• Feeling more confident? Now I guess you wonder “how reliable can predictive analytics be?”

Well, probably somewhere between crystal ball gazing (where everything predicted is supposedly going to happen) and pure randomness (where the odds are 2 to 1). The game is simple, the more data you have and the more you’re able to integrate the new data into your predictive models, then the better the outcome of your predictions will be. I presume you start getting the link with Big Data here (I highly recommend Martin Gutmann’s recent post regarding Big Data by the way).

Again, it’s not about fortunetelling, sorry to disappoint those who were expecting Sunday’s lottery numbers, but a way to understand much better from historical data (customer’s behaviors, buying patterns) and therefore be way more reliable on what might occur in the future.

Crystal ball gazing     Randomness

  • Is predictive analytics comparable to business intelligence?

Predictive analytics actually goes a step further than classical business intelligence (descriptive and diagnostic analytics) in terms of analytics‘ maturity.

Business Intelligence encompasses the tools, techniques and technologies to transform raw data into information (such as dashboards or reports) that can be analyzed by a business analyst or a Manager. A sales Dashboard showing aggreated and detailed data on how a company’s shops, employees and customers are performing is of a great value for a sales Manager to interprete results and make decisions.

Predictive analytics doesn’t rely on a human analysis but on predictive algorithms instead, which is from my point of the view the main difference, and pushes the automation one step further. If you’re able to add predictive outcomes on a sales Dashboard such as how your company’s shops and employees are likely to perform in the next months, then you’ve definitely added value to your BI Dashboard.

The decision still needs to be taken by a person though (like contacting the customers that are likely to churn in order to retain them or pushing a marketing campaign to the targeted audience). If you try to go one step further, which is automating the decision making, then you’re reaching for the Holy Grail and going prescriptive. But let’s concentrate on predictive analytics here.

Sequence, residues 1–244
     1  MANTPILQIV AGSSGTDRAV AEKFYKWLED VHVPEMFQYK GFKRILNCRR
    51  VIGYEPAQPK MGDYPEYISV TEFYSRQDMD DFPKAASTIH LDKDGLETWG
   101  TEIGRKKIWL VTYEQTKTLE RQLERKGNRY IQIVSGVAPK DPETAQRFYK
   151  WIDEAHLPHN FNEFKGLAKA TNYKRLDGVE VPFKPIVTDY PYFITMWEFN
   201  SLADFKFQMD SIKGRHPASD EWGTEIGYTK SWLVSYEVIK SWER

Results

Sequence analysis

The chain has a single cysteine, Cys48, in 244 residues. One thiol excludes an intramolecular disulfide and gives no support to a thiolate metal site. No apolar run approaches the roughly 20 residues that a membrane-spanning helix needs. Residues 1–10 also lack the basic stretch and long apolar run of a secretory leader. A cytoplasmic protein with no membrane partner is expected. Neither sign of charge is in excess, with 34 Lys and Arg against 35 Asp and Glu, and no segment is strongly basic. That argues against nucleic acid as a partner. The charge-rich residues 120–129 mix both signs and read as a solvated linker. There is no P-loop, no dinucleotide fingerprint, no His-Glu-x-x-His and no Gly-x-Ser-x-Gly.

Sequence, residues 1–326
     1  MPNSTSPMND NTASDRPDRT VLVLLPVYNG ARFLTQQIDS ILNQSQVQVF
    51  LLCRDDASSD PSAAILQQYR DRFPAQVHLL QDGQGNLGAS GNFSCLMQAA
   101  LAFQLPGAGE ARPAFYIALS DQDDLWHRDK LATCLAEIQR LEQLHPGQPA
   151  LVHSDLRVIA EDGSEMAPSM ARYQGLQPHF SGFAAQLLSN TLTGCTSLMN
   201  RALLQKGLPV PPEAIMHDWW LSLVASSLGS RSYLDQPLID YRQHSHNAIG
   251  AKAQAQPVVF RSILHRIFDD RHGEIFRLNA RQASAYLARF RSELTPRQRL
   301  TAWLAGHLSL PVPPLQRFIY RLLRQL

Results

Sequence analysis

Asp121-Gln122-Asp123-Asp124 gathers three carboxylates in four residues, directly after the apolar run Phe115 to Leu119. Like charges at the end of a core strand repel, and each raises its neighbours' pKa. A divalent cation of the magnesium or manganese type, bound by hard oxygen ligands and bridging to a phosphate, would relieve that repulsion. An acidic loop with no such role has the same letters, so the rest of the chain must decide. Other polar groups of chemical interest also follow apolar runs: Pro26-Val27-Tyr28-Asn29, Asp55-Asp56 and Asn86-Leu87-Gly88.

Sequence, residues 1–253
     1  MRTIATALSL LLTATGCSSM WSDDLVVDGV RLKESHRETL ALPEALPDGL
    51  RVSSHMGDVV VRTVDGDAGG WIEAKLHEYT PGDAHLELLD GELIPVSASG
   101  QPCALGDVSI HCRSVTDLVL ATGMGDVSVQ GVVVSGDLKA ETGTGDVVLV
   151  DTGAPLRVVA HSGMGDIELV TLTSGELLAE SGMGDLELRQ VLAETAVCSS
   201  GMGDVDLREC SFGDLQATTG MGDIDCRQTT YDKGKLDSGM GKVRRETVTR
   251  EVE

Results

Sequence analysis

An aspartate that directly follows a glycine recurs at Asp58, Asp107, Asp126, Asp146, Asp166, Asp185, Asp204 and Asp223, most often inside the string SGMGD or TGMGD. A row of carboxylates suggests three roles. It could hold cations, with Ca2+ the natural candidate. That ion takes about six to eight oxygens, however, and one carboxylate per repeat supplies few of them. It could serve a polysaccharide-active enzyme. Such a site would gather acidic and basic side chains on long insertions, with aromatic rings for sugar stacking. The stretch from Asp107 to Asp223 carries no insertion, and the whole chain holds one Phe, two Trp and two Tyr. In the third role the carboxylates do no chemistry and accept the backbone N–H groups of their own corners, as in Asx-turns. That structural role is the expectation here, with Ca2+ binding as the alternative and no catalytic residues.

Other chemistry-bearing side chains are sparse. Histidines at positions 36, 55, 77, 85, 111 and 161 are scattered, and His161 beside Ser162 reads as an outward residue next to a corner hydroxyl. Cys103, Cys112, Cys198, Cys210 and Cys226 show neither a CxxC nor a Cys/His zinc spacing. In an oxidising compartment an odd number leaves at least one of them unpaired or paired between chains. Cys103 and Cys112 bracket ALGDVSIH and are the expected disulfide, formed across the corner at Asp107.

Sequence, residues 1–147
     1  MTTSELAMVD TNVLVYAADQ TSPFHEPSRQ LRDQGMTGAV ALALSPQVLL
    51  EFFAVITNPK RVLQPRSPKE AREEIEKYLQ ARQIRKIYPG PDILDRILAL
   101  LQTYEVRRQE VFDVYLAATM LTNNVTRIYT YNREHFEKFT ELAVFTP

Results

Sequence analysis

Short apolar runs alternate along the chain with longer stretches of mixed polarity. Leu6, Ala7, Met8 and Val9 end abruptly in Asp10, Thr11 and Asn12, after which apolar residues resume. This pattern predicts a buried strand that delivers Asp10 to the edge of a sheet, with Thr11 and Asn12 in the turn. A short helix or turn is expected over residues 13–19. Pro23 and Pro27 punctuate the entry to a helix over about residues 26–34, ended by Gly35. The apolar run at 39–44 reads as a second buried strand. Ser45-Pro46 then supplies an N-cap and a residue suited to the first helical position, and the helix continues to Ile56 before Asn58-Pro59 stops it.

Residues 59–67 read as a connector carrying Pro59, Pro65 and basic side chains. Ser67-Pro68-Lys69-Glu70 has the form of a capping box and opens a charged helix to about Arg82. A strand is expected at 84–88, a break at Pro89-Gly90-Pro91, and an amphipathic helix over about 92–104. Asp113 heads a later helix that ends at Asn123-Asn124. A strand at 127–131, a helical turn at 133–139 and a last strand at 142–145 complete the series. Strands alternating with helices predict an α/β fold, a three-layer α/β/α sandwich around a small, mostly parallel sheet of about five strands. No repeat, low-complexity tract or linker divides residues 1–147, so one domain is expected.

Levels of Analytics

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Next week, we’ll introduce a use case that we’ve been working on at Swisscom to predict an outcome regarding dunning activities (payment reminders). It’s hard to hold my horses so I’ll just throw a few facts and I let you make the case up:

  • Tens of thousands of customers are dunned on a monthly basis at Swisscom and gently reminded to pay their due phone, internet or TV bills (yep, we’re not all good customers paying our bills when we should…)
  • Dunning customers is a costly process as data needs to be thoroughly analyzed first. After that, customers need to be reminded to pay their bills (by different means such as internet, web or letter reminders). Imagine the cost of sending tens of thousands of letters per month and the cost of analyzing a percentage of people contesting the fines received…
  • Haven’t you ever received a dunning letter but actually validated the payment a few days before? The cost of sending the letter to you and time analyzing your complaint could eventually have been saved.

Do you see a way to use predictive analytics to optimize the dunning process here?


See you next week for the next Blog Ticket: Predictive Analytics with SAP (2) – How to optimize the dunning process with SAP Predictive Analytics